It’s not so long ago- some 50 years or so-since Hermès was a little French company whose beautiful saddles, silk scarves and leather accessories were known mainly to a small group of sophisticated cognoscenti. Yet, these days, Hermès is one of a tiny band of golden elite brands whose lustre and allure is known and their products lusted after around the world. Its iconic products-the Kelly bag, the Chaine d’Ancre bracelet, its Calèche perfume, the Cape Cod watch and, most of all, its famous carré or silk scarf-are recognised around the world and the mere sight of one of its orange boxes sets the heart aflutter.
The world’s economies may be suffering, but Hermès sails serenely on, its sales and profits surging upwards. The brand has shown that there are always those who know, and are prepared to pay for, true quality. Much of this is down to the original guiding principles, laid down by the company’s founders, which focus on creativity and craftsmanship, rather than commercial gain.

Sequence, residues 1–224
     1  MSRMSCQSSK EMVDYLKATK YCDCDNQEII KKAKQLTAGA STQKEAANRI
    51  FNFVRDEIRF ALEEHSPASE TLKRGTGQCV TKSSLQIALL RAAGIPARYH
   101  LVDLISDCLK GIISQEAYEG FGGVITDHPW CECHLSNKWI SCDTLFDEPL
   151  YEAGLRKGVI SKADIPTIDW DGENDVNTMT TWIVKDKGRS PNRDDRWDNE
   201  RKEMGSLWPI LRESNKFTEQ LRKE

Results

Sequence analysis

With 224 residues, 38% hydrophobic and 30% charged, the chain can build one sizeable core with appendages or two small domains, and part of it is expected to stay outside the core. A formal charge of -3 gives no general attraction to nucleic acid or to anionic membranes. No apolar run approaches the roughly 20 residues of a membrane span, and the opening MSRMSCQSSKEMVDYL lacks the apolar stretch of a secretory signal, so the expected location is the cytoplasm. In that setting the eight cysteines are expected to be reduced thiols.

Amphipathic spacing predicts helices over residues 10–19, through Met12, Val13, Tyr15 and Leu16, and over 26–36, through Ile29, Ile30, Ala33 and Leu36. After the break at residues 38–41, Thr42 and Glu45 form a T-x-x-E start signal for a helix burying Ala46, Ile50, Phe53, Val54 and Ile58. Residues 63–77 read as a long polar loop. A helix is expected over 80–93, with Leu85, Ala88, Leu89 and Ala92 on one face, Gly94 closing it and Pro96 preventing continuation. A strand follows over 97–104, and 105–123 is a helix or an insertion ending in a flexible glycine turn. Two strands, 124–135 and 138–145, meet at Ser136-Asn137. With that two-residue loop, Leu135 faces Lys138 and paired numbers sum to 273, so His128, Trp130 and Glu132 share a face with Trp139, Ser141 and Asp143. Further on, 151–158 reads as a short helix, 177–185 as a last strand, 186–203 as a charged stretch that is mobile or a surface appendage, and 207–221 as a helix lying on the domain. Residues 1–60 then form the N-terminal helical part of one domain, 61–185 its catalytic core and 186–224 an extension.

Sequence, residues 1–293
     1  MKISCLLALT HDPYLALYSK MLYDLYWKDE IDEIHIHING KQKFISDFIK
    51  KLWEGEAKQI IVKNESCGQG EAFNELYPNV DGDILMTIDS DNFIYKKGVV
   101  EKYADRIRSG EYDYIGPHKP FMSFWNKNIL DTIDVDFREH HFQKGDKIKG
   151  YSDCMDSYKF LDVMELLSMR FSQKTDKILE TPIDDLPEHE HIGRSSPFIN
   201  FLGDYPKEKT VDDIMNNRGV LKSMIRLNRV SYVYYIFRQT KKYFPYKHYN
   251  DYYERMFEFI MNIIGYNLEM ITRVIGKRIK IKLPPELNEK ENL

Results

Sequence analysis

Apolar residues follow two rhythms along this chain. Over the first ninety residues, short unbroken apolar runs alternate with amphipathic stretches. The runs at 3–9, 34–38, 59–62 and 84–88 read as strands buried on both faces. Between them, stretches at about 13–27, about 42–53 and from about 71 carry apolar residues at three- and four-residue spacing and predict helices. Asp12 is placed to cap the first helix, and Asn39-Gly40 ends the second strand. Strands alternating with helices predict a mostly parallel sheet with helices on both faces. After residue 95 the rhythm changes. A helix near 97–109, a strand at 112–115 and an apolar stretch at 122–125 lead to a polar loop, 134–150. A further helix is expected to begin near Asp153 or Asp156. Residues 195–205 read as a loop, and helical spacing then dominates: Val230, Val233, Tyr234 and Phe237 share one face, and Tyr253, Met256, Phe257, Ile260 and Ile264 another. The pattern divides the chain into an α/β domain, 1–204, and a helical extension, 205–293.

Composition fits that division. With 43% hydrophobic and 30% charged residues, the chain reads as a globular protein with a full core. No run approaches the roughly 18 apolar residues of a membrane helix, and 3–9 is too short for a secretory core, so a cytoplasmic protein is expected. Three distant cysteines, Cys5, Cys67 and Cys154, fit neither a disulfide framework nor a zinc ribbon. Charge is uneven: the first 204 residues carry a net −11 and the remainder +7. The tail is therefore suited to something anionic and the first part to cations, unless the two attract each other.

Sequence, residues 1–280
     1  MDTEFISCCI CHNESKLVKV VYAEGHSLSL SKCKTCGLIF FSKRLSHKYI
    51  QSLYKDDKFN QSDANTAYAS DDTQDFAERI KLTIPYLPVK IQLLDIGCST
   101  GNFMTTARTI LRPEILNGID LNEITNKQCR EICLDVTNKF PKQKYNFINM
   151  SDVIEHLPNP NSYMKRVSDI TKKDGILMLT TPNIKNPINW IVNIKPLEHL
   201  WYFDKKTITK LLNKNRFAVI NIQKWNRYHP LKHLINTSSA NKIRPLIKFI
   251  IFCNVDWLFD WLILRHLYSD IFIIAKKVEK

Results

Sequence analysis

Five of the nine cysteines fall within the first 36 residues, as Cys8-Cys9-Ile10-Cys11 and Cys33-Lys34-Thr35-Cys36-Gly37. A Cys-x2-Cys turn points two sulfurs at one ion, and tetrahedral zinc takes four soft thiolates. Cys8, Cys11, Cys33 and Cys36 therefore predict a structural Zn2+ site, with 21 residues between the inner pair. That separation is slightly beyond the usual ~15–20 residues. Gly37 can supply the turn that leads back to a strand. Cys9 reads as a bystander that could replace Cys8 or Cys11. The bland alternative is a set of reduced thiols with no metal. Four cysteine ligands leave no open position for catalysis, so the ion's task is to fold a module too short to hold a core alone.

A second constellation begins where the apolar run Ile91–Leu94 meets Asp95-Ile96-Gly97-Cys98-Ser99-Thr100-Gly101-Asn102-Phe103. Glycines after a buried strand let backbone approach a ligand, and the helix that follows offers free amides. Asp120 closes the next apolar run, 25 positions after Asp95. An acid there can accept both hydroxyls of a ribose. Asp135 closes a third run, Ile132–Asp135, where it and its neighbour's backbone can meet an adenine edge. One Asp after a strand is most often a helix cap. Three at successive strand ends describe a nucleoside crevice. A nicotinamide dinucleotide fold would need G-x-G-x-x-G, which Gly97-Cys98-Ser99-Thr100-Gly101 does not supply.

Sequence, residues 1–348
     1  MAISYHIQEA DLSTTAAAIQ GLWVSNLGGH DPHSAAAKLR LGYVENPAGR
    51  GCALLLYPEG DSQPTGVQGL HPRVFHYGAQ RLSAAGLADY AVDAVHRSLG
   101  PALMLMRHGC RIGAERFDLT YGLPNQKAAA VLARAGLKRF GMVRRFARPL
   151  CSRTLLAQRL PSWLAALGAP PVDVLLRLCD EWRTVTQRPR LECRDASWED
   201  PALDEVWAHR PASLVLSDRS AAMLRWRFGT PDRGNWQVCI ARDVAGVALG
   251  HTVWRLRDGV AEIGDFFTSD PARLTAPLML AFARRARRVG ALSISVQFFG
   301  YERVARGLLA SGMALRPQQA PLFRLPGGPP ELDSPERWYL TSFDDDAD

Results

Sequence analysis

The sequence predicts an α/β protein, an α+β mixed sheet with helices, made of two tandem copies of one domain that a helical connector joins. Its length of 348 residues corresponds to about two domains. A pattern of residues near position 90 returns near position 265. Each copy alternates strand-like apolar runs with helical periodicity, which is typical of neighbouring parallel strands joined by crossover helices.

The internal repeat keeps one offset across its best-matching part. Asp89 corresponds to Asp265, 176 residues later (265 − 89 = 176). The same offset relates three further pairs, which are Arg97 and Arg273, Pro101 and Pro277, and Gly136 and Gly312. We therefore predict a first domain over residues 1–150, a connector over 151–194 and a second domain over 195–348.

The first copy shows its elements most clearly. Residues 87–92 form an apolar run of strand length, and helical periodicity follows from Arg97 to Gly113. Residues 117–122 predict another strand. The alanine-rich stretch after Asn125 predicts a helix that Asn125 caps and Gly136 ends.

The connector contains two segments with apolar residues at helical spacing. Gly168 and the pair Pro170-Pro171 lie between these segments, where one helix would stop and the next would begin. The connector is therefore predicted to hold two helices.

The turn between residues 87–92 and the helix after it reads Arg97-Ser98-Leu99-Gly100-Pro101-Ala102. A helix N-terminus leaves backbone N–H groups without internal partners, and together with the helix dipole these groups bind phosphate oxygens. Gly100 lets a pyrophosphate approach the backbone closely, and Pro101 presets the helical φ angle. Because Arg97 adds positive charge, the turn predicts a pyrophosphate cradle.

But say the word Hermès, and what springs to mind is its most iconic product-the silk scarf. Never intended to be just an accessory, the first one was sold in 1937 and there have been more than 1,500 different designs since, some by in-house designers, others by notable artists, and a few, such as the hugely successful Brides de Gala, have been revived many times. All are made of the highest-quality woven silk twill with hand-finished rolled hems, and although the classic scarf is either 90cm (35½in) by 90cm or 70cm (27½in) by 70cm, there is now a version in a lighter summer silk that measures 140cm (55in) by 140cm.
Through the years, Hermès scarves adorned the necks, waists and heads of some of the world’s most iconic personalities, but, now, they’re being rediscovered by the young set, who, encouraged by enterprising Hermès pop-up shops-cum-workshops, find ever more enterprising ways to wear them. An Hermès scarf, you see, is, like diamonds, forever.
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